Reading - and watching - the news out of Syria, it is difficult for observers to find grounds for optimism. The “peace talks” hosted by the United Nations collapsed in Geneva before they ever reached takeoff speed. The “cessation of hostilities” agreement negotiated between the United States and Russia that went into effect February 27 is riddled with loopholes, and violations have been alleged almost daily. If Russia’s continued bombardment of the anti-Assad opposition under the guise of counterterrorism is any indication, the truce will break down sooner rather than later.
The reason has been well explained by Laurent Fabius, the French Minister of Foreign Affairs: “There can’t be a political negotiation when one side is murdering the other.”
That is certainly an apt characterization of the state of affairs in Syria today.
Nowhere is this more apparent than in the ancient city of Aleppo, once home to more than two million people and currently at the forefront of the battle between the Assad regime and its moderate opposition. Renowned as a stronghold for fractious but non-jihadist rebels, Aleppo, about 60 miles from the Turkish border, has been contested terrain since 2012. In 2014, a broad array of rebel groups associated with the Free Syrian Army joined forces to rid the city of ISIS fighters, but now it is almost entirely encircled by Assad's forces, bolstered by the Iranian Quds Force, Iraqi Shiite militias, and Hezbollah. Overhead, the Russian air force hit supply lines to the city and its civilian infrastructure, including hospitals and schools.
A narrow corridor remains open for residents of the besieged city to escape to safety, and 70,000 people fled prior to the announcement of the cease fire. Turkey, however, has sealed its border after already accepting more than two million Syrian refugees during the past five years of strife. The undermanned and ill-equipped Free Syrian Army still controlled and defended the eastern half of Aleppo, while the regime continued to tighten the noose.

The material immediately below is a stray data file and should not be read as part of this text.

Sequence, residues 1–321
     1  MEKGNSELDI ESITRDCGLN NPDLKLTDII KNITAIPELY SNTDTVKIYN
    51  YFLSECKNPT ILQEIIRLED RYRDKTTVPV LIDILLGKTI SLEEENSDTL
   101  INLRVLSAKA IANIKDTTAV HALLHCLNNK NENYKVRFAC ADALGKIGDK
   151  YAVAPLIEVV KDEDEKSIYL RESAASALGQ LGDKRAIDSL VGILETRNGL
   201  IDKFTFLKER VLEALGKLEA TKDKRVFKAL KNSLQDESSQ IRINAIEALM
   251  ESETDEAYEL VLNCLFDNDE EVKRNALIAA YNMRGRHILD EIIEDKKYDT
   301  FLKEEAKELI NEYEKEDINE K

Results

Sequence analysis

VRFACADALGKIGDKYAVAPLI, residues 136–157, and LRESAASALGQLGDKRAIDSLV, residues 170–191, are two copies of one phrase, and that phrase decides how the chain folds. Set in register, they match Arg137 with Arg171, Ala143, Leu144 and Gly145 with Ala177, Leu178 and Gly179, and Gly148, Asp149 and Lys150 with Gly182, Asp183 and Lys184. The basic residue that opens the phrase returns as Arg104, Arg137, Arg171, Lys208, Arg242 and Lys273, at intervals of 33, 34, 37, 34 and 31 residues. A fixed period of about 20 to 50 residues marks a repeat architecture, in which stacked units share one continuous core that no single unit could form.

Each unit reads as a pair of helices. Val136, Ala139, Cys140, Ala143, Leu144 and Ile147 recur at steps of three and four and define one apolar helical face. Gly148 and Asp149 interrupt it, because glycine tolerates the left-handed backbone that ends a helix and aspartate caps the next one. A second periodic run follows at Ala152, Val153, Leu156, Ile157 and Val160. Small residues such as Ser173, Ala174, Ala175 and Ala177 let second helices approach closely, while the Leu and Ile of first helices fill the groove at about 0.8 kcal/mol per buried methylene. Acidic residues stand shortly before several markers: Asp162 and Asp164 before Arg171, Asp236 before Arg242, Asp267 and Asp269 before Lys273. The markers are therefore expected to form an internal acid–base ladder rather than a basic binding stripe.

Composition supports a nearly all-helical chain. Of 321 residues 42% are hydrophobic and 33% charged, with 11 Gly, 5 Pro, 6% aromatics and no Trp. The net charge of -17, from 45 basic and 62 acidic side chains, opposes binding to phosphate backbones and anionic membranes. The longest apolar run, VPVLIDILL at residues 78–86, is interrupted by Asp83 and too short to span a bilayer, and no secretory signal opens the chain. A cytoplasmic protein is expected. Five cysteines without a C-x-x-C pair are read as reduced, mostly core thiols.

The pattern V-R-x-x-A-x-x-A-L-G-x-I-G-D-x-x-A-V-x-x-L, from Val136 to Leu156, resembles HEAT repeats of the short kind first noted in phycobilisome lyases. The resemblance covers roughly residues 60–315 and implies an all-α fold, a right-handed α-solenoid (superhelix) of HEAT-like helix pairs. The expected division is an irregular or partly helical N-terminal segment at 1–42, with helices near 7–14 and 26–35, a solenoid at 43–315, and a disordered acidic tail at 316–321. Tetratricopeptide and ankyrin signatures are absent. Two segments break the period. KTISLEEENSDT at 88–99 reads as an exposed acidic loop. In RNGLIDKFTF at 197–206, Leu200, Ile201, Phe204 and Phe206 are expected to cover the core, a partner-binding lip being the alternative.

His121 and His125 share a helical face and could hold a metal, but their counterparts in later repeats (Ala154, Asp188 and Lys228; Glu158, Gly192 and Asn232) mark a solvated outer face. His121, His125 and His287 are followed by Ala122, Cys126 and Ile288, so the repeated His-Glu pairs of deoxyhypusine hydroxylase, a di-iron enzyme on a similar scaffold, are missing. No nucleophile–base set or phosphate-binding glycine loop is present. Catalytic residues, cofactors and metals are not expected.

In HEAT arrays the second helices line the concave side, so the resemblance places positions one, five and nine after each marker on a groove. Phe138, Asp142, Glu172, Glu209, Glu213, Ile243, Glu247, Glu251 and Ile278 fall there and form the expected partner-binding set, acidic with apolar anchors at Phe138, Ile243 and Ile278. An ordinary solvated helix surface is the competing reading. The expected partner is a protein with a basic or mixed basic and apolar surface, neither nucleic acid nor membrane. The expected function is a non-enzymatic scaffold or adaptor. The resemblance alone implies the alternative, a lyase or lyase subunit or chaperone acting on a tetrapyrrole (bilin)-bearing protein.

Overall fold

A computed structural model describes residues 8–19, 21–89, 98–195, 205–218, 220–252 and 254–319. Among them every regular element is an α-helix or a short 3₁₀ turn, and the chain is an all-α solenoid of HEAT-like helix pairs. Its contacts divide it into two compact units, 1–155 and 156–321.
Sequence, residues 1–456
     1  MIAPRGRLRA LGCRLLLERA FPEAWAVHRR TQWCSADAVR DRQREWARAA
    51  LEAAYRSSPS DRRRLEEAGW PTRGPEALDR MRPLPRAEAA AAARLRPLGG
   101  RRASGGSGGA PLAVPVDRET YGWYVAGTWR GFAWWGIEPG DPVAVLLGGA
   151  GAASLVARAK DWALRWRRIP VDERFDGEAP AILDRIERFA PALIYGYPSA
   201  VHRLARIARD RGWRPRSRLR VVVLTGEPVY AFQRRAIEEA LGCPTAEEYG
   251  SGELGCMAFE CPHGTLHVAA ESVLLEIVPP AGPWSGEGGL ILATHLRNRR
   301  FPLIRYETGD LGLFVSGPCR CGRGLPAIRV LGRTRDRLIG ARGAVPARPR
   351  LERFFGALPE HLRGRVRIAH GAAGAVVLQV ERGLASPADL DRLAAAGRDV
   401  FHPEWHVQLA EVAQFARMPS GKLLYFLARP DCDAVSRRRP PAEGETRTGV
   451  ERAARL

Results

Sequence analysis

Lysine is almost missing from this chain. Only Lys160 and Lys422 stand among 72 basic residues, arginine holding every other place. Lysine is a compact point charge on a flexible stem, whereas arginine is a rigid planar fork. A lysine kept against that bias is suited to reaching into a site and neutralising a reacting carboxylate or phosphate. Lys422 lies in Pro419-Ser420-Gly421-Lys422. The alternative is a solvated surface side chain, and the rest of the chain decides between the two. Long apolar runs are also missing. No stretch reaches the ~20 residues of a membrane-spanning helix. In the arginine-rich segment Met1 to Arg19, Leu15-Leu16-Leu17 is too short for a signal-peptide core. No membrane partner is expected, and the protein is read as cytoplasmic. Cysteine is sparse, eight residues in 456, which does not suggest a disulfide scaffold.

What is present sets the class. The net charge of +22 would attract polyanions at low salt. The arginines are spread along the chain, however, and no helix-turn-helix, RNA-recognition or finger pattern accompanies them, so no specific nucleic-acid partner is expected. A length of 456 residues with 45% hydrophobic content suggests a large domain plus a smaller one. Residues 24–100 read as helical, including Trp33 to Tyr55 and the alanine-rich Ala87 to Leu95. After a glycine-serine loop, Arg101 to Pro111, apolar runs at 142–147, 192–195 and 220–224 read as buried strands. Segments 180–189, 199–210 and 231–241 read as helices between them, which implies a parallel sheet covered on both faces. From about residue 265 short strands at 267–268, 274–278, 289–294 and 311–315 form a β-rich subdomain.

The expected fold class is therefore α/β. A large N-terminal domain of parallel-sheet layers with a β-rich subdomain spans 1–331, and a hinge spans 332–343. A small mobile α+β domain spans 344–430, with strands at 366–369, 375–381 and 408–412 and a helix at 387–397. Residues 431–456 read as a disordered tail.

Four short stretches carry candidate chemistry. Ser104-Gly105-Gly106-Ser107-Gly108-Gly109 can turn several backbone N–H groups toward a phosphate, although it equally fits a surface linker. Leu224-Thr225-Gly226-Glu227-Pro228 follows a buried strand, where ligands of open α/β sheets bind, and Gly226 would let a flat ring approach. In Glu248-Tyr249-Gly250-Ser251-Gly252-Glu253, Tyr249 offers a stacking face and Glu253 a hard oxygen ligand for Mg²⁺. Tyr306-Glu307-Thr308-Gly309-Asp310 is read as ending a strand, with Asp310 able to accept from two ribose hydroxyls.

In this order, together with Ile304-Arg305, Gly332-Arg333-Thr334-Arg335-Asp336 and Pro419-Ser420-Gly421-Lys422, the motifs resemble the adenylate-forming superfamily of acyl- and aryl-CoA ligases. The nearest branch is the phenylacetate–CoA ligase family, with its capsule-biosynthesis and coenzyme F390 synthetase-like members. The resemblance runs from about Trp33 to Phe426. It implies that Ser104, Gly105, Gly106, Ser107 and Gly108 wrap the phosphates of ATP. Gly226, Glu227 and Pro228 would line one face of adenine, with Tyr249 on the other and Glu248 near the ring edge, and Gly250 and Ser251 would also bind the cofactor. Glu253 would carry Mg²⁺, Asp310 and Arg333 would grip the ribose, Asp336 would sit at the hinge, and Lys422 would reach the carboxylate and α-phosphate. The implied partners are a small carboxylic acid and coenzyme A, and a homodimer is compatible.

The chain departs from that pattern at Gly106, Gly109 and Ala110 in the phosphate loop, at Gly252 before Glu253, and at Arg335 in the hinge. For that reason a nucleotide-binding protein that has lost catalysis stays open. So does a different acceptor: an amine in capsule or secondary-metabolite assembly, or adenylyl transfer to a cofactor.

The city’s strangulation will continue apace without a credible threat of force from U.S. and NATO forces, which almost certainly isn’t in the offing, or unless the ceasefire takes hold and leads to serious political negotiations. Even if the ceasefire collapses and pro-government forces drive rebels from Aleppo, it does not mean that Assad will succeed in his declared ambition to reclaim control over the whole of Syria. That possibility still looks remote, so long as ISIS maintains control over a vast stretch of territory from eastern Syria to western Iraq. (ISIS’s position is reasonably secure given that the coalition against it seems content to wage a battle of attrition, hemming in the jihadist army at the margins but not attacking its strategic reserves.)
What is conceivable is that, after years of international demands for a political transition in Syria, the Assad regime will manage to cling to power. The official U.S. demand in August 2011 that Assad “step aside” was effectively disowned when Secretary Kerry admitted recently that an interim government might have a place for Mr. Assad.
The offensive in the outskirts of Aleppo demonstrates the sound rule that political leverage generally follows battlefield success. In other words, as a senior U.S. security official recently admitted to the New York Times, a military solution to the Syria crisis is at hand. It’s “just not our military solution.” The military solution, so long shunned by the West, is being supplied instead by the Russian-Iranian-Syrian-Hezbollah axis.